Re: [DNSOP] additional special names Fwd: I-D Action: draft-chapin-additional-reserved-tlds-00.txt

Andrew Sullivan <ajs@anvilwalrusden.com> Tue, 04 February 2014 01:21 UTC

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Date: Mon, 3 Feb 2014 20:21:48 -0500
From: Andrew Sullivan <ajs@anvilwalrusden.com>
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Subject: Re: [DNSOP] additional special names Fwd: I-D Action: draft-chapin-additional-reserved-tlds-00.txt
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On Mon, Feb 03, 2014 at 08:08:59PM -0500, Ted Lemon wrote:
> 
> purely on the basis that some of us don't like what they did.  We
> need a better reason than that, and thus far none has been stated.

In the particular case of .onion, I'm not sure I agree none has been
stated.  But let me try again:

    If you want to use a name in DNS protocol slots, then you need a DNS
    name.  You didn't get a DNS name, and instead you used a label
    that wasn't under your control.  That's been against the rules in the
    DNS since forever.  Now you want to short-circuit the allocation
    mechanism.  But we have an allocation mechanism for this.  In the
    normal case, you apply to ICANN.  In an unusual case where the
    protocol depends on this, then you can use this special-use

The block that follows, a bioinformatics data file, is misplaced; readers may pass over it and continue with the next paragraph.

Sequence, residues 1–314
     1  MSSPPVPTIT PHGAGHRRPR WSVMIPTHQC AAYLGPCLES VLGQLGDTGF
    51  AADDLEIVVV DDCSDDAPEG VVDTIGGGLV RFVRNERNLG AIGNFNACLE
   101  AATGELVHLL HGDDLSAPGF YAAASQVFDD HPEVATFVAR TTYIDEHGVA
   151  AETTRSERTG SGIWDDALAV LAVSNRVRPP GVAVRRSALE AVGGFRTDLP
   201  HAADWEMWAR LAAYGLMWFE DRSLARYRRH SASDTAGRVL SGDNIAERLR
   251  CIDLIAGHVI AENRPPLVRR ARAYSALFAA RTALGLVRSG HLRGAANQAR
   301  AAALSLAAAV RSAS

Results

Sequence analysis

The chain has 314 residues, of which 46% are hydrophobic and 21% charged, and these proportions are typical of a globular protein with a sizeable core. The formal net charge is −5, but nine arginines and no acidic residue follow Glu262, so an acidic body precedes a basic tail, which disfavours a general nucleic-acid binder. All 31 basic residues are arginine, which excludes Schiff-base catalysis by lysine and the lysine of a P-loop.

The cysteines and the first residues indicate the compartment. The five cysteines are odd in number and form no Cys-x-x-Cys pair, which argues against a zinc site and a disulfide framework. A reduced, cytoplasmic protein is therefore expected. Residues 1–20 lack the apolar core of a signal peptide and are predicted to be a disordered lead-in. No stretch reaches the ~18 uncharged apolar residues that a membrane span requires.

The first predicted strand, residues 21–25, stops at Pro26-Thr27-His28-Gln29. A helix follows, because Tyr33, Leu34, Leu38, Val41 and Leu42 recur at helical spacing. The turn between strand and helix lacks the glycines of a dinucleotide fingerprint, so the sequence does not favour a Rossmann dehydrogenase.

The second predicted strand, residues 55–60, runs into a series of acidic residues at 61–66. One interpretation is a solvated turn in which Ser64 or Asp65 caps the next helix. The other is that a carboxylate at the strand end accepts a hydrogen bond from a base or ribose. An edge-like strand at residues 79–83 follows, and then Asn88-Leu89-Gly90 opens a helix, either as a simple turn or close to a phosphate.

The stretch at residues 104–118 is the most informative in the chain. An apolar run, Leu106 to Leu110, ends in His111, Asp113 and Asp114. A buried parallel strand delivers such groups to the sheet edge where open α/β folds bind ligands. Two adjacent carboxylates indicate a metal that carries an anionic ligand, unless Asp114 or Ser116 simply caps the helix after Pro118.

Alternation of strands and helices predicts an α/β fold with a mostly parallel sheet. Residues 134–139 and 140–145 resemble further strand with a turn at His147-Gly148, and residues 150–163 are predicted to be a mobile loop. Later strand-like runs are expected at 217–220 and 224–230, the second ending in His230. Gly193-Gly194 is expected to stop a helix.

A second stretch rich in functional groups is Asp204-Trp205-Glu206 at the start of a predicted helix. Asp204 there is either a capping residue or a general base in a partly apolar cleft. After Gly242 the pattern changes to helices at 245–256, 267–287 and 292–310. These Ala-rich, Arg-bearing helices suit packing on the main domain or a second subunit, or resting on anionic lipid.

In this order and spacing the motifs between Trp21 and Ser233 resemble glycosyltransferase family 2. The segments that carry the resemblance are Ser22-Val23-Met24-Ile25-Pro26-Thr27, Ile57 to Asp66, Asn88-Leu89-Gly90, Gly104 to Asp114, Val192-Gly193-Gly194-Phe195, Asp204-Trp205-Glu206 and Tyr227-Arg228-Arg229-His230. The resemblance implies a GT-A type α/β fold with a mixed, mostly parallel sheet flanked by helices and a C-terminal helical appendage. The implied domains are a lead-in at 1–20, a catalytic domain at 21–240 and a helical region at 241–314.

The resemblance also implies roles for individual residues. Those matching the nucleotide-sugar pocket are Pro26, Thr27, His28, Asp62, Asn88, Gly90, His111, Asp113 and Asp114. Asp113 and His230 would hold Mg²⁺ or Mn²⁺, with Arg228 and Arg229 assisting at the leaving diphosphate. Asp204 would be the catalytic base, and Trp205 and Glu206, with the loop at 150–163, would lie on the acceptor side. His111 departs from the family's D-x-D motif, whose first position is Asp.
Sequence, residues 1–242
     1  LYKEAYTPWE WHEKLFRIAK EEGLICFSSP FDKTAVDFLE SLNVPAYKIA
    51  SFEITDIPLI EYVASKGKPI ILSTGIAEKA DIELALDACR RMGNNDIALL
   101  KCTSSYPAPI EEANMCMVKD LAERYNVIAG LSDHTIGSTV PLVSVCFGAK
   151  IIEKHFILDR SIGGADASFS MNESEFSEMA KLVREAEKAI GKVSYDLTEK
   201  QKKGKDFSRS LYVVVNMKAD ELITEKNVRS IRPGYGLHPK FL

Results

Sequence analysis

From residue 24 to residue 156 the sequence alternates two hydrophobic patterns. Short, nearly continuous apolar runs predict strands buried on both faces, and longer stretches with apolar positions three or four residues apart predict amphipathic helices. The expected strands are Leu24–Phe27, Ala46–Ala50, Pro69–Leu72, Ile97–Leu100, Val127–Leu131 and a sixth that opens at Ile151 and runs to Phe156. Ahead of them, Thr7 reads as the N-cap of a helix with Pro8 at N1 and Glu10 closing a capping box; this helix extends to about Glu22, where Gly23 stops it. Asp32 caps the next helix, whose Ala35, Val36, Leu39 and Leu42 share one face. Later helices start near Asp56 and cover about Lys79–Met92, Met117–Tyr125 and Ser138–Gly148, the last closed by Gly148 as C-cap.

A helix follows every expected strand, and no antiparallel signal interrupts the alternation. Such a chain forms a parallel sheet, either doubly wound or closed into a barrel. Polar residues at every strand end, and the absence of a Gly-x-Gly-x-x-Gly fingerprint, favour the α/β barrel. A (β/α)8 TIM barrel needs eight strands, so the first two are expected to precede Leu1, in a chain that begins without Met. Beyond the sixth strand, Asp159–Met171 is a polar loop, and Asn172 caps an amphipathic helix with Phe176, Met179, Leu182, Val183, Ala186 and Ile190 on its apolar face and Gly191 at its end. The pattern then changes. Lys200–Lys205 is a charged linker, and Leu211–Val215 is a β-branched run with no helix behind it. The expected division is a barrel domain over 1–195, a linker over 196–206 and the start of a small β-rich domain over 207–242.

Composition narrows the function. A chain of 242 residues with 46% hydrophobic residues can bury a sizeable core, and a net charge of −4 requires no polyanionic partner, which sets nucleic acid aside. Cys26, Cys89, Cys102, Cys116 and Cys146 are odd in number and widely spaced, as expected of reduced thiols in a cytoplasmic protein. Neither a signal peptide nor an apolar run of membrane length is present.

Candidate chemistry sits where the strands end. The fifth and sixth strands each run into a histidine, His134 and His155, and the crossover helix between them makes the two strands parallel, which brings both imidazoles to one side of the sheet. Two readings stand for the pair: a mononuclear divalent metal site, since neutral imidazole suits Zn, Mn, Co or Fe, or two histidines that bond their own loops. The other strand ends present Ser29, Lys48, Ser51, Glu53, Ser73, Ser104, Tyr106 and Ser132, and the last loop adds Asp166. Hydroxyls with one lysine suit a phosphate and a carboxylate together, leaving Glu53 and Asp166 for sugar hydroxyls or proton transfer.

registry.  So you need to show that your protocol needs to depend
    on this special-use label, and then we can register it under the
    special use mechanism.  Otherwise go to ICANN.

What we ought to be arguing about, in effect, is precisely why this
needs a special-names registration.  Now, _maybe_ there is an argument
that this is a DNS-looking series of labels but it never goes into the
DNS namespace (that's what I've heard once).  In that case, there
might be an argument.  ("Put this in the default local zones, always
NXDOMAIN, because we want to protect the DNS.")  Maybe the argument is
instead that sometimes these names are handed to DNS resolvers and are
supposed to resolve.  In _that_ case, it seems to me that the "this is
a DNS name" consideration is also pretty high.  I'm unsure we've had
clear and consistent arguments about this for each of the cases.

In the chapin draft, the argument is different, and it appears to be
purely a local-resolution-only one -- that is, always "protection of
the DNS" because of de facto resolution and security decisions
deployed on the Net.  I haven't read it closely enough to decide
whether this is true for every label in the list.

Best,

A

-- 
Andrew Sullivan
ajs@anvilwalrusden.com